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Comments made by kornweibel

The African-American Railroad Experience

Hello Simonsmith:

If you want to research your grandfather's career, it could be done through the pages of the Southern Railway Bulletin. Any employee who worked for a quarter century or more is probably mentioned. It would be helpful to know his job(s), locations(s), and retirement date. There might even be a photo of him!
Let me know if I can help you do research on him.
Ted Kornweibel

April 8, 2010 at 4:45 p.m. ( | suggest removal )

The African-American Railroad Experience

Hello Kelvin:

Thanks for the compliment. I'll be at Borders Books and Music in El Cajon (Parkway Plaza) tomorrow, Wednesday,vberween 6 and 8 pm.

After you've had a chance to peruse the book, tell me which are your favorite photographs.


March 23, 2010 at 6:22 p.m. ( | suggest removal )

The African-American Railroad Experience

Hi Roz:

Great question. All the books on the Harvey Girls will tell you that they were only white women.World War II kn El Paso. There are clearly some black Harvey Girls. I've also seen a photo of the Harvey House restaurant in the main station in Chicago, which had black waitresses, bus boys, and other staff. So I say with confidence that there were black Harvey Girls. If they existed in El Paso, they probably also worked as such in other Texas Harvey House locations.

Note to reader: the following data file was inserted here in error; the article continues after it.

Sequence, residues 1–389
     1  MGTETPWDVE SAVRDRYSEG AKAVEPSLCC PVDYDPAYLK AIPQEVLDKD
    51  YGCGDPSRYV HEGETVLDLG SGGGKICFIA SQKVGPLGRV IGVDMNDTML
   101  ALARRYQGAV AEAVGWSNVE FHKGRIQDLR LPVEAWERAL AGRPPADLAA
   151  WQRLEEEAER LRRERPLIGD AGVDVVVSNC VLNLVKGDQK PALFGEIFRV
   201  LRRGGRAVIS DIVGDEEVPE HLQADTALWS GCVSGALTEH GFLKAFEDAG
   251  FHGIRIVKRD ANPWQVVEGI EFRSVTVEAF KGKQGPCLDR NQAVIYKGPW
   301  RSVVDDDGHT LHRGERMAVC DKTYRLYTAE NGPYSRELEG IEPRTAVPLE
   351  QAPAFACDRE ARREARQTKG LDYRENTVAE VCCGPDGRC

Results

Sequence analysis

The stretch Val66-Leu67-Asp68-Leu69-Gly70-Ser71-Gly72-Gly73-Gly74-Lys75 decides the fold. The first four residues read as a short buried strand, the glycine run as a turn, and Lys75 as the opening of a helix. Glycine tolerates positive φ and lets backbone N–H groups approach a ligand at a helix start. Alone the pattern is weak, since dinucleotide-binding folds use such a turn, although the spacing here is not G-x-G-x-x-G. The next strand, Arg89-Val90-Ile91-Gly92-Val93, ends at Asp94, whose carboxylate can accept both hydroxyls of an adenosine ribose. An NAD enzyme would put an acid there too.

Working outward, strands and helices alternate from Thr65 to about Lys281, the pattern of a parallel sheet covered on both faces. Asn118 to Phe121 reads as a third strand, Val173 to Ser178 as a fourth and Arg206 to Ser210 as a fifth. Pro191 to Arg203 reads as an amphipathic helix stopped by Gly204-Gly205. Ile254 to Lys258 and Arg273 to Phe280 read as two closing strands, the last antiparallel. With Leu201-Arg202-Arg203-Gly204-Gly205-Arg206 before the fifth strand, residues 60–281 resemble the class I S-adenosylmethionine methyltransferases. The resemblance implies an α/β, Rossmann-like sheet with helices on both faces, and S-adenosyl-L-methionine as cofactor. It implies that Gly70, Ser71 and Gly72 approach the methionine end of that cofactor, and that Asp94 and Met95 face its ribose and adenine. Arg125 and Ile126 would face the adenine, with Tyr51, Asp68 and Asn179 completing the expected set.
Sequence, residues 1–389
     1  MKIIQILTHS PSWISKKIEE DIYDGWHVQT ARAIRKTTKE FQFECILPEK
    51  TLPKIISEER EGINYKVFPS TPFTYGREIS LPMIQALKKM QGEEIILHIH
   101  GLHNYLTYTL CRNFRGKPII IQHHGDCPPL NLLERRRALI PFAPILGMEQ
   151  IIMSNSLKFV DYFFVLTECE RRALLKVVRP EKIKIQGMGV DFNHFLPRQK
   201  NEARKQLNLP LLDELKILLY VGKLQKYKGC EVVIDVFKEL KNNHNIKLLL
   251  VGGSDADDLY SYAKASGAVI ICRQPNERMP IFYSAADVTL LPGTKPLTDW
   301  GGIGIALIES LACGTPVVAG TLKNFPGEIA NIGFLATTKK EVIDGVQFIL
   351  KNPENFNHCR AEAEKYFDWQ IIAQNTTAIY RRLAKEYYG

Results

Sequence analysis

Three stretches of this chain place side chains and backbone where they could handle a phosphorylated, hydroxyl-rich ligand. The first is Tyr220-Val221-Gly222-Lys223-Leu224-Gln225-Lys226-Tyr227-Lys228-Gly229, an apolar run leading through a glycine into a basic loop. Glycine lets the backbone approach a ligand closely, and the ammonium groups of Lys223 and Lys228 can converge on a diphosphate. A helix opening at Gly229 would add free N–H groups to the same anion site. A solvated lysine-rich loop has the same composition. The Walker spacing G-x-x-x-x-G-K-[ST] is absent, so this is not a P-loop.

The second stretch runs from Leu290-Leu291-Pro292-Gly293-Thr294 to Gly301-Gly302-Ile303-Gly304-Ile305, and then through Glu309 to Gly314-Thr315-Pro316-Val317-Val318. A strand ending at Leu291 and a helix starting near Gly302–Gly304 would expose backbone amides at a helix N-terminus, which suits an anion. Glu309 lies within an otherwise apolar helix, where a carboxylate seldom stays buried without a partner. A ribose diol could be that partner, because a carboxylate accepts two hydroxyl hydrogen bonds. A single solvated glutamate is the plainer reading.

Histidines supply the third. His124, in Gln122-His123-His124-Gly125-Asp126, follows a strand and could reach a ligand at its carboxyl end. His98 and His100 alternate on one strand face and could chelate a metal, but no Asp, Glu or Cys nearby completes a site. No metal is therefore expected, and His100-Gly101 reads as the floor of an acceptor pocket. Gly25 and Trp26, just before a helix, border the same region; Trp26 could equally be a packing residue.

Black women railroaders were common in the West during WWII, as "Rose the Railroader" instead of "Rosie the Riveter." And others worked in Pullman laundries, and a very few as Pullman maids on luxury trains between Chicago and California. More in my book.

March 23, 2010 at 6:16 p.m. ( | suggest removal )

The African-American Railroad Experience

Hi Kathe:

Thanks for the question. The individual toilets in sleeping car compartments were not designed with segregation in mind. Rather, to give privacy, not having to use the communal bathrooms for each sex at the end of the cars. Open section sleeping cars, which had open seating by day and the seats were made into upper and lower berths at night, didn't have individual toilets and sinks.

It was often difficult for blacks to buy sleeping car tickets before the civil rights era. They often had to buy them over the phone (rather than in person) or have someone else buy for them. Ironically, if they would get a reservation for a berth in an open section car, the Pullman conductor would try to move the black person into a private room (which was a higher fare) so that whites wouldn't have to sit and sleep near a black person, nor share the same restroom.

March 23, 2010 at 6:10 p.m. ( | suggest removal )